- The Washington Times - Friday, October 7, 2011

Republican presidential contender Jon Huntsman on Friday called President Obama’s jobs plan a “half-measure” that doesn’t rise to the economic challenge facing the country.

“The problems we face are of such monumental proportion that you can’t have half-steps and half-measures that address a monumentally challenging and difficult set of economic circumstances,” the former Utah governor said in an interview with The Washington Times-affiliated “America’s Morning News” radio program. “You need a big-picture approach to problem-solving that is equally large to match the challenges.”

Mr. Huntsman, who served in the Obama administration as the ambassador to China, said part of the problem facing the country was one of attitude in the face of economic tough times.

“There is a psychological component to the misery that we face right now. You’ve got companies sitting on cash. You’ve got a lot of innovators … who have great ideas … but nobody wants to make the machinery work because there’s no confidence in the economy right now,” he said.

Mr. Huntsman outlined his approach for jump-starting the American economy:

“We need to clean house with our tax code, like I did as governor of the state of Utah. We cleaned out the loopholes and deductions in the income tax. We lowered the rate. We broadened the base. We simplified. We created a flat tax.”

As president, he said, he repeal Mr. Obama’s health care overhaul law and the Dodd-Frank financial industry regulatory reform, two of the president’s signature legislative accomplishments.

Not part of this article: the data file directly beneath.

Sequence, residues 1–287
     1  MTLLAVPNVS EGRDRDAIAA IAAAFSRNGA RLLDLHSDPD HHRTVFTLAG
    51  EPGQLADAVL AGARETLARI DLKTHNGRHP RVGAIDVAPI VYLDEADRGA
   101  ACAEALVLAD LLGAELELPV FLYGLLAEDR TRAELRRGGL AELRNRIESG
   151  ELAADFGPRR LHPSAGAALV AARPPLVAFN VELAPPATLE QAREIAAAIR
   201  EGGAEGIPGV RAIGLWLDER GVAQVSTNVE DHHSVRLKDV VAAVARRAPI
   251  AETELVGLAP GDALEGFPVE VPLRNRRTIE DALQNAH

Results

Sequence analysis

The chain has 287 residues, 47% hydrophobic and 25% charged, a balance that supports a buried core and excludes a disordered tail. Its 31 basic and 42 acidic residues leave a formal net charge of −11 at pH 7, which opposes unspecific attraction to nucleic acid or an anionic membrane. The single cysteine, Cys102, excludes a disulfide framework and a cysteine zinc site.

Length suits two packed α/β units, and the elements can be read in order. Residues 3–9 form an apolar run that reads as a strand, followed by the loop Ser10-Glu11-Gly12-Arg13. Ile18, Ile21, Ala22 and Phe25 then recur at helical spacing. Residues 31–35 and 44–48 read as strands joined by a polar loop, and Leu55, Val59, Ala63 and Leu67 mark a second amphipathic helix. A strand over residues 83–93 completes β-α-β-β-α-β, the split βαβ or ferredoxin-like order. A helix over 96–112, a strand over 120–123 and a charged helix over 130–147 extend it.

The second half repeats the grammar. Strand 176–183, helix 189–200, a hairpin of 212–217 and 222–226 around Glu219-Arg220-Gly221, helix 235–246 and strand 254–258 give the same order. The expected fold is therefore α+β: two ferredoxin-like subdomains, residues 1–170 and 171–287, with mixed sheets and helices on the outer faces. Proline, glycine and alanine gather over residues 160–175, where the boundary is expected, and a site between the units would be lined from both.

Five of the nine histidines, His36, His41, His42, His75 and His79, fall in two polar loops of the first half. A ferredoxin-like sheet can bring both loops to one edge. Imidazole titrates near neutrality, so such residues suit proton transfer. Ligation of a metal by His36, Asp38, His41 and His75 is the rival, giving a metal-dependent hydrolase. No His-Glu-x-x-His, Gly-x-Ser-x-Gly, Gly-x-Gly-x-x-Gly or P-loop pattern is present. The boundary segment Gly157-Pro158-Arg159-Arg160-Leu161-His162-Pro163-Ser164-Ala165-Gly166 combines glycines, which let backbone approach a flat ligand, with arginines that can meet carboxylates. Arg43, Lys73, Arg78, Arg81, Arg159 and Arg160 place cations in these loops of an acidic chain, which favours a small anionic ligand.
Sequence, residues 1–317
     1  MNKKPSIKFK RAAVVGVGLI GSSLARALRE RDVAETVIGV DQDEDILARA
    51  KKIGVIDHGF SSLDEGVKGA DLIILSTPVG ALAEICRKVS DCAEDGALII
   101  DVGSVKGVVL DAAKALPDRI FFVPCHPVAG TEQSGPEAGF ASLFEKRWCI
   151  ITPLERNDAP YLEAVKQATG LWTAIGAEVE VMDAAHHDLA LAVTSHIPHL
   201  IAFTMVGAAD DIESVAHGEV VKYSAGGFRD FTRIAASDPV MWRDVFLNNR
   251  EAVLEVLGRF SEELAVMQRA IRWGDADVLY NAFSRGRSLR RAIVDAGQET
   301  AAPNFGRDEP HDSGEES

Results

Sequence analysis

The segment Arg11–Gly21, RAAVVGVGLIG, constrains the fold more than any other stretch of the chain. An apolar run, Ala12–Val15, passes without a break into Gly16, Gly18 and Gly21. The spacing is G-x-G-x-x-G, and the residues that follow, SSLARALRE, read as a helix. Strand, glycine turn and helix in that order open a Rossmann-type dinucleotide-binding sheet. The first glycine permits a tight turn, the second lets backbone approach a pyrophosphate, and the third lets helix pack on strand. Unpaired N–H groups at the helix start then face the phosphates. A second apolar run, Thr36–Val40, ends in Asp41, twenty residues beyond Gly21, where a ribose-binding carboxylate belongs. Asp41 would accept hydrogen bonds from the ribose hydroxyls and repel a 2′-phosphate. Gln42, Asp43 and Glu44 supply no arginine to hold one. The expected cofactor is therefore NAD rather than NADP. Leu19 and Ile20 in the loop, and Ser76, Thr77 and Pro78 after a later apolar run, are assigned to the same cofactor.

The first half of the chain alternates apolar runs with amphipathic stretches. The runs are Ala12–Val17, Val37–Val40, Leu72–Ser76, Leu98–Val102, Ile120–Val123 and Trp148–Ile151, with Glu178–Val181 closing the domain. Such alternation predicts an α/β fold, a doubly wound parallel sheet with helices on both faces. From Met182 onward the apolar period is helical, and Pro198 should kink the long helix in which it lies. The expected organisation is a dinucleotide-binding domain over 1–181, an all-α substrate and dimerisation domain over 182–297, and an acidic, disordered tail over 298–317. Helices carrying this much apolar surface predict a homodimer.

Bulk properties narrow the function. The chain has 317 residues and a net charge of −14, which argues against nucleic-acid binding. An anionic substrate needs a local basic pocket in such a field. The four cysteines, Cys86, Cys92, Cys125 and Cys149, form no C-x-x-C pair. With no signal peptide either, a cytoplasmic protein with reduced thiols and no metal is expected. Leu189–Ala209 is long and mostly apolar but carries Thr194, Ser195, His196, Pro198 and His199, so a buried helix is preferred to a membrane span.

“We’re going to repeal Obamacare, which has infused tremendous uncertainty into the marketplace because nobody knows what costs are going to be around the bend in 2014. … And I would say Dodd-Frank, the financial services measure, must go as well, because that makes it almost impossible … to get the lifeblood of our economy to small businesses, and that is capital.”

Mr. Huntsman, who has bringing up the rear in national polls of the GOP field, said his campaign is investing heavily in the first-in-the-nation New Hampshire primary to give his bid momentum.

“We’re focused laser-like on New Hampshire. If you want to know where this race is going to go, take a look at New Hampshire. That’s the only state that matters, being the early primary state, the first primary state in America. We’ve gone from zero to low double-digits, knocking on the door of second place. Keep your eye focused on that.”

Copyright © 2018 The Washington Times, LLC. Click here for reprint permission.

The Washington Times Comment Policy

The Washington Times welcomes your comments on Spot.im, our third-party provider. Please read our Comment Policy before commenting.


Click to Read More and View Comments

Click to Hide